Saturday, April 8, 2017

Minimalism and the Military Spouse: How I Decluttered Over 1000 Things


   When I first moved in with my husband I wanted to decorate the whole apartment! I would go to hobby lobby or shop online and buy stuff just to put in the rooms. My first job was right next a huge shopping center and I would buy something from their at least once a week.

   I soon began to notice clutter add up. I tried to put it in boxes, shut the doors so I wouldn't see it, etc. I had a moment of clarity when I saw a post online about minimalism

  The one given in military life is that you will move around....a lot. You will also be bringing all of your stuff with you. Packing up all of your stuff is a pain in the butt. I have begun to embrace minimalism not only as a means of making moves easier, but it has also given me a more peace.

  The road to minimalism for a military spouse can be made easier with these tips!

1. Starting is the hardest part
    I began the process in January and it was painful. I did not think I would be able to even get rid of 50 things let alone 1000. I don't think it was motivation as much as I became disciplined in the practice of decluttering. Once you start, it is all downhill from there.

2. Find a support group
     I found my support through the Facebook group "Nourishing Minimalism Yearly Decluttering Challenge." This group became the tipping point that started my journey toward minimalism. The group is an offshoot of the blog "Nourishing Minimalism." The goal is to declutter 2017 items in 2017. It was fantastic to reach out to others in the process and get support when needed!

     What I also loved about this group is the print out of exactly 2017 squares. Whenever you donated, sold, or threw something away you simply colored a square. It was a great way to keep track of how much you have gotten rid of.

My print out for the 2017 challenge.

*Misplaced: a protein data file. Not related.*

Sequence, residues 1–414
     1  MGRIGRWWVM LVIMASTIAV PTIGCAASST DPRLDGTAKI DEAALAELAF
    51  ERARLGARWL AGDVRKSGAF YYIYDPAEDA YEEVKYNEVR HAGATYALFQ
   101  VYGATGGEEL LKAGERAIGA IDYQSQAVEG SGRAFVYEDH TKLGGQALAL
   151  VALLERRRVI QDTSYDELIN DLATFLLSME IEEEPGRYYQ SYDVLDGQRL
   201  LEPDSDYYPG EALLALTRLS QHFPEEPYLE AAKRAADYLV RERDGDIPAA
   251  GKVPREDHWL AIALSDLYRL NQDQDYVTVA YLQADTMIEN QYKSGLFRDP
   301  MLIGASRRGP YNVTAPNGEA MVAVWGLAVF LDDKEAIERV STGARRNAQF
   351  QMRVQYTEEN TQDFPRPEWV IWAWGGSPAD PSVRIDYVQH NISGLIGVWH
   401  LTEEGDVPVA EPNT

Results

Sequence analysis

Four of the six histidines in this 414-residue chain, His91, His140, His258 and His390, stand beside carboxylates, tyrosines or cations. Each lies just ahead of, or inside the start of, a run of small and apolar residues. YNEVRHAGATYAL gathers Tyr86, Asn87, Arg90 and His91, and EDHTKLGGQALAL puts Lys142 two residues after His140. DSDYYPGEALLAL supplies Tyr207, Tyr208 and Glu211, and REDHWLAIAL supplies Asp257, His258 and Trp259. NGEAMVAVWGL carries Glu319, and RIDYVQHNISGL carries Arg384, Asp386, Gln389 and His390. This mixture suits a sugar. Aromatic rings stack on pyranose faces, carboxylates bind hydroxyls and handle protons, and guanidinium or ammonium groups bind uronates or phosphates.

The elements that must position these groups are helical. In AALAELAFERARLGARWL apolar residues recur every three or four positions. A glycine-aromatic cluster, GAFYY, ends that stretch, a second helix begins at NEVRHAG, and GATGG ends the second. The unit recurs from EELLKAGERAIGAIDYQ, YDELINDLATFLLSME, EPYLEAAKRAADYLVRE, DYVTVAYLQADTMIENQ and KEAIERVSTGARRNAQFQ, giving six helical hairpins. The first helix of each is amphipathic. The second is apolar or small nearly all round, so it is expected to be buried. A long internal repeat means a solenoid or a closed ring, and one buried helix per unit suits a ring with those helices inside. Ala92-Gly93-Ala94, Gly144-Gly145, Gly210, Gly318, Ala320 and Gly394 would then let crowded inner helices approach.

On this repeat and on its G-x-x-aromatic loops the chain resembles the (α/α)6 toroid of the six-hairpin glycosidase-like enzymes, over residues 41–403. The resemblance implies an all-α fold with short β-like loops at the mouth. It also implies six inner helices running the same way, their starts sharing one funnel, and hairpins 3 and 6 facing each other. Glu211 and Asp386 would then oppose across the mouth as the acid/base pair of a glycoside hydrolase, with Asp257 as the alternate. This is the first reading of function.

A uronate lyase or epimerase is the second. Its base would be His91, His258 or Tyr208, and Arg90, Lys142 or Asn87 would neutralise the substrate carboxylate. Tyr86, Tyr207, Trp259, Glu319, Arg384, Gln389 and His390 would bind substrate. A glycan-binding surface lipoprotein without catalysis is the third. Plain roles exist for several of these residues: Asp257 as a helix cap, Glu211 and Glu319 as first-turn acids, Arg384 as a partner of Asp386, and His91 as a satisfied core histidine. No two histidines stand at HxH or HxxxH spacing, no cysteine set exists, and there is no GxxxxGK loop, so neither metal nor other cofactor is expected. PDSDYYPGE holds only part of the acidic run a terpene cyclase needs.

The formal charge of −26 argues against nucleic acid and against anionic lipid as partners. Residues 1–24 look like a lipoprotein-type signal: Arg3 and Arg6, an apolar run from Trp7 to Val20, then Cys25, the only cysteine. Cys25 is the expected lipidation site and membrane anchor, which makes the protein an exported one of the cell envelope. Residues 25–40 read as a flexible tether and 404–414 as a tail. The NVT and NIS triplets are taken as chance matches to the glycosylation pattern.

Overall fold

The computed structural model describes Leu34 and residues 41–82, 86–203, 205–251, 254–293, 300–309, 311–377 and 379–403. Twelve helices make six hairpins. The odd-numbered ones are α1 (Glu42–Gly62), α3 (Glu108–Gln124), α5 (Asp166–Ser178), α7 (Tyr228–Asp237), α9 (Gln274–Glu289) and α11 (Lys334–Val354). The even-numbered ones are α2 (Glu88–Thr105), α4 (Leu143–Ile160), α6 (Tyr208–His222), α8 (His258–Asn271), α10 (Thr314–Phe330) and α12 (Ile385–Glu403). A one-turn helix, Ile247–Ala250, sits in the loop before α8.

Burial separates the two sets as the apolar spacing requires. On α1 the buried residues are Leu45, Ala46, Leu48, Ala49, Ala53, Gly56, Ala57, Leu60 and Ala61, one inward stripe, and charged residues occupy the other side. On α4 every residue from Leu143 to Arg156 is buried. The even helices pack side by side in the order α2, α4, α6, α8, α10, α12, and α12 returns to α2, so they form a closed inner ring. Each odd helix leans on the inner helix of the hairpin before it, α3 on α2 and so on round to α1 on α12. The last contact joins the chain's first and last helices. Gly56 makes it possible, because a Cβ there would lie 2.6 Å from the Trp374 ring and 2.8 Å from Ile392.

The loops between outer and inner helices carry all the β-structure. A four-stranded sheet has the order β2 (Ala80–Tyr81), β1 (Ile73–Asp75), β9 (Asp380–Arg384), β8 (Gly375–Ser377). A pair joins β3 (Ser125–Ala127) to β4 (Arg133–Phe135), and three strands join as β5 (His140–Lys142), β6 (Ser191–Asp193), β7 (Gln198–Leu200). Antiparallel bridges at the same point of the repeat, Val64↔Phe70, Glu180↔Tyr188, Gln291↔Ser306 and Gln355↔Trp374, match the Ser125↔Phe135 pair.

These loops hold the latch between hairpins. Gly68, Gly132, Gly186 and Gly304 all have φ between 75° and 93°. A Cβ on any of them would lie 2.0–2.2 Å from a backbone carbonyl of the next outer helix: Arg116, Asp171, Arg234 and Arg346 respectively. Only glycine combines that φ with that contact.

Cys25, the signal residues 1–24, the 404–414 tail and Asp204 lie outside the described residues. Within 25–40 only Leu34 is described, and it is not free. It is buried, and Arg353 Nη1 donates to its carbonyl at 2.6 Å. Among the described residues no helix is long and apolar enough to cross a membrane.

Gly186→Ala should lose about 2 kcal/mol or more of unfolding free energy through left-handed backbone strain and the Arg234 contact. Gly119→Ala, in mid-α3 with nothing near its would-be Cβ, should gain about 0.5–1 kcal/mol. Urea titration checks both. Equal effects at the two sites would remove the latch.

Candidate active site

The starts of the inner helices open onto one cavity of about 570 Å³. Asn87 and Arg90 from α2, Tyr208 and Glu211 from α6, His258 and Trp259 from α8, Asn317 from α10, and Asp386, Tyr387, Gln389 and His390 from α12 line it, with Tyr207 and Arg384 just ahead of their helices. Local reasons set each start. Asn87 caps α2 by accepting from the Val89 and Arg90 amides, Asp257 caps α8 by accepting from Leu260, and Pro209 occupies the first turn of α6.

3. Tackle one room/drawer/closet at a time
    I saved my closet for last since it looked like a bomb had gone off in it. I started with old magazines, paperwork, and old makeup/toiletries. I then moved on to the kitchen, the living room, my husband's office, our bedroom, etc. If you can focus on one thing at a time it helps the process move more quickly and efficiently.

4. There is no right way to become a minimalist
    Some people like to follow rules like the KonMari Method which has been made popular by the book "The Life Changing Magic of Tidying Up" by Marie Kondo. Others follow the duo known as "The Minimalists," and others just decide to get rid of 50% of what they own. 
    Becoming a minimalist is a journey and you choose the path. The point of minimalism is not to get rid of things just for the sake of having less. It is about having what you need and loving what you have. 

5. Minimalism is not just about your stuff
    I did not understand this idea at first. Minimalism is known for the declutter of your things but it is also meant to simplify your life. It is also about self care, not overwhelming your life and not always being busy. Not being overwhelmed was something that was harder for me especially since we are in the process of PCSing. I have literally had to force myself to sit, even if it is for only 15 minutes.

6. Military spouses can face certain challenges with minimalism
    Certain aspects of minimalism simply cannot work for everyone and military spouses are no exception. Capsule Wardrobes is the idea of have just the bare minimum of clothes in order to make it less stressful to dress and also encourage spending money on things other than clothing. 

   This idea can be difficult for military spouses for multiple reasons. The main reason being that we all move a lot and to different climates. It makes sense to declutter the clothing you don't wear, doesn't fit, and you don't want but hold off on getting rid of clothes just because they don't fit your climate. 

     I am bringing my big winter jacket to our new post in southern Arizona since we could end up at Alaska next for all I know! 

    A great way to combat this issue is to have seasonal capsule wardrobes instead of just one wardrobe. I'm TRYING to work toward a minimalist wardrobe....but it has been a process.
Photo Credit: Modern French Blog
7. PCSing is a great time to start the decluttering and minimalism process
    There is no wrong time to start your journey, however this PCS has been made much easier by already getting rid of so many items. Since I chose to pack my own clothes, I was able to look at each piece individually. We took anything that was still usable to the thrift shop on post. 

8. Know that you are doing something great for yourself and your family
   I have felt lighter and less burdened by the things that surround me. Life is already challenging enough, your home and your mind should be able to not feel constantly smothered by things and thoughts. I realized that I did not find joy in shoes, hobby lobby decor or anything like that. I've been able to look deeper into my real loves of life like my husband, photography, fitness, etc. 

  You never realize how your stuff, your thoughts and your busy schedule burden you until you start to let them go.

Photo Credit: Pretty Providence



















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